Living Amongst Racists

“Prejudice is a burden that confuses the past, threatens the future, and renders the present inaccessible.”

Maya Angelou (American poet, memoirist, and civil rights activist)

Is this racist or my imagination?

Usually, I don’t write on topics like this, but in light of the recent events and my absolute exhaustion from keeping my mouth shut, I am doing to write about how to deal with racism.

At least, how I deal with racism.

Recently in the United States, there’s been an uptrend in racially motivated hate crimes towards Asian-Americans and I can’t help but see parallels to what’s been happening to African-Americans.

Maybe the attacks are due to resentment built up over the past year from the COVID-19 lockdowns and people are blaming Asians.

Maybe the violence is correlational and it has nothing to do with race at all.

The question of “Is this racist or is it just my imagination?” is always buzzing around when you’re a hated minority.

Unfortunately, the answer doesn’t matter. All that matters is how we act in the face of the unfairness.

Right now, I’m watching my fellow Asian brothers and sisters respond to the violence in a way that I’m compassionate for, but must caution against.

I want people who read this to take a few things from this piece:

If you are lucky enough to not deal with racism frequently, then I would like to invite you to reflect on a time when you felt similar to some of the things I’ll talk about. If you can’t remember a time, then imagine your child dealing with those feelings and be thankful you don’t have to experience them. Find compassion for those living in fear, anger, and injustice. It’s tough to be hated for reasons that you cannot control and when that hatred is carried out by the rest of society it eats at every part of your life.

If you are experiencing anxiety or rage because you are part of a hated group, then I would like to invite you to use some of the methods that I talk about later in the post to cope with it. It’s not glamorous and it doesn’t solve a lot of problems outright, but I believe it’s a good enough way forward.

Right now, there is no perfect solution.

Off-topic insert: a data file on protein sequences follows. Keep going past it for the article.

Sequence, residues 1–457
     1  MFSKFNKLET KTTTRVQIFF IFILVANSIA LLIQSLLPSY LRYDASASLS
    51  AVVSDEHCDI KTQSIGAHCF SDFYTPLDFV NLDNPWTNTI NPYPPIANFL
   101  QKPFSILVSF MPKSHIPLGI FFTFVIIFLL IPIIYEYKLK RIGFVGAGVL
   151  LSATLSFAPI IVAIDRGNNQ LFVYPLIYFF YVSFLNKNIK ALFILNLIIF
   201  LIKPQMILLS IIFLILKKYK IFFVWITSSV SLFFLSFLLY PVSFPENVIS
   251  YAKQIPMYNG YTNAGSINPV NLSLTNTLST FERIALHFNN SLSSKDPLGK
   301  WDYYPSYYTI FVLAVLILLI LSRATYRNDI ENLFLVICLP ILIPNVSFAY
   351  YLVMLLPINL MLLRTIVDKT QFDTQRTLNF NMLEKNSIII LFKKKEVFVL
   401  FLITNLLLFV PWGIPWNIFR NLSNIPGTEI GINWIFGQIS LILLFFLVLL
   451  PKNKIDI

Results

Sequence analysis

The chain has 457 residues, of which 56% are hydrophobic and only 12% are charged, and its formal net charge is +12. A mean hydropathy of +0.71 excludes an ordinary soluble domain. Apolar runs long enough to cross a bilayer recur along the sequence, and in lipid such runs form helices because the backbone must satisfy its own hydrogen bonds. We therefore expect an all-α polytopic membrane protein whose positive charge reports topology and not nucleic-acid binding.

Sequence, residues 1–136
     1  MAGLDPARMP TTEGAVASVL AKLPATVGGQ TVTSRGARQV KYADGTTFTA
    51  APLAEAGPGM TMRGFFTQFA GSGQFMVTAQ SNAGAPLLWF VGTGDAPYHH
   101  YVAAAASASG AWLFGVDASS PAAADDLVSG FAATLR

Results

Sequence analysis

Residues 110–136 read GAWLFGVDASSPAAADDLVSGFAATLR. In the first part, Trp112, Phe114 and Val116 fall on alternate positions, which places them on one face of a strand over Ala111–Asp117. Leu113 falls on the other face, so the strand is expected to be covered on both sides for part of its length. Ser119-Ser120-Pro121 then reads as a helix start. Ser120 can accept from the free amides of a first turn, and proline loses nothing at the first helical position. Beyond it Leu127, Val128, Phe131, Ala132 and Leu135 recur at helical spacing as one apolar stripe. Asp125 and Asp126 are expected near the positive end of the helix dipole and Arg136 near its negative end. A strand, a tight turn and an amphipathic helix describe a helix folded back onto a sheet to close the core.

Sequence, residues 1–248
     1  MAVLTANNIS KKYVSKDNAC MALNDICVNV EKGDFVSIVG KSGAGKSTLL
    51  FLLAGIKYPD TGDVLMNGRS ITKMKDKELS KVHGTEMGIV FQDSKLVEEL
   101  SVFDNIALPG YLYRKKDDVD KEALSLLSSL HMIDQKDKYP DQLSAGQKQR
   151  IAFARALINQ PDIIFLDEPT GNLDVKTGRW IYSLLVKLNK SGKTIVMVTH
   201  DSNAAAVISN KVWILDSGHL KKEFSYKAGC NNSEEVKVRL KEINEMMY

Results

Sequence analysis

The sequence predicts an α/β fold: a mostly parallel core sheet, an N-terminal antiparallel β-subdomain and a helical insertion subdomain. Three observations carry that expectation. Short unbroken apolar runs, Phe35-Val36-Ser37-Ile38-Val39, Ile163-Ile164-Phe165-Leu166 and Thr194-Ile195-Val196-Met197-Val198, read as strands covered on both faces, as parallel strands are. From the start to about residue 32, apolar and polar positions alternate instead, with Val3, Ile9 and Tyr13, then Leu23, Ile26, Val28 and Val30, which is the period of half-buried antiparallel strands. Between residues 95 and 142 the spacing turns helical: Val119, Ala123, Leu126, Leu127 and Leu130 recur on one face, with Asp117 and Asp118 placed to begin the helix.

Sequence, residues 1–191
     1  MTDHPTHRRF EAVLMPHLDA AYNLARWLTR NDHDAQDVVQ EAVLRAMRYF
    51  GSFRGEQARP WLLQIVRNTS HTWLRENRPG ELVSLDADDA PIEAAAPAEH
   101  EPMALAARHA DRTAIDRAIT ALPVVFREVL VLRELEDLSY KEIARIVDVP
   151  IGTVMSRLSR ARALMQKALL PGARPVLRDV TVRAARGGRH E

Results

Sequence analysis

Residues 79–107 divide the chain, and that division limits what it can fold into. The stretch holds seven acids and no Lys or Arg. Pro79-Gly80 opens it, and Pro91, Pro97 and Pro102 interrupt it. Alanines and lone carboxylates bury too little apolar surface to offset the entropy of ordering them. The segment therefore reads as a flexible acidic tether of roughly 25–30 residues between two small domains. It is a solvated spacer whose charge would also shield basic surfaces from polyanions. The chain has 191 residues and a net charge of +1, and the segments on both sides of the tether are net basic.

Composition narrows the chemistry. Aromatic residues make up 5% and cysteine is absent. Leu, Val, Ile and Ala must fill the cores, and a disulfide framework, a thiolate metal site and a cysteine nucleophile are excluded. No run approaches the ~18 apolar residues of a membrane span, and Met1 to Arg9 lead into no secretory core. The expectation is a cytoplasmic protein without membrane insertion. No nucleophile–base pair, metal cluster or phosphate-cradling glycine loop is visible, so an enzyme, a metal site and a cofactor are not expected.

Some of My Racial Experiences

I can speak on this because I’ve grown up around racism. In every facet of my life, there have always been questions raised regarding my race. My dad is from Africa and my Mom is from the Philippines. I grew up in a city that’s mostly white and conservative. I’ve dealt with racism at every age and I’ve seen it more than someone growing up in my time would expect. For context, I was born in 1994.

I’m one of few Black people on my Asian side and I’m the only Asian (other than my sister) on my black side.

I’m no stranger to the awareness of my individuality and the knowledge that I’m different.

I was first called a nigger when I was 4.

I’ve been called a nigger countless times since then. The word is almost meaningless to me now.

Every time I meet someone, I have to prove that I’m not dangerous nor stupid.

I’ve had cuffs slapped on for WWB, walking while black. It’s a thing if you aren’t already aware. According to the cops, I looked “dangerous and suspicious.”

In stores, Loss Prevention follows me around – meanwhile little teenage girls all over the world are stealing millions of dollars of makeup.

I grew up ashamed of my hair, my skin, my “exotic” features. There was no Zendaya and it wasn’t always cool to be Black.

Girls didn’t like me because I couldn’t spike my hair. Girls didn’t date me because they didn’t what to be known that they like Black guys.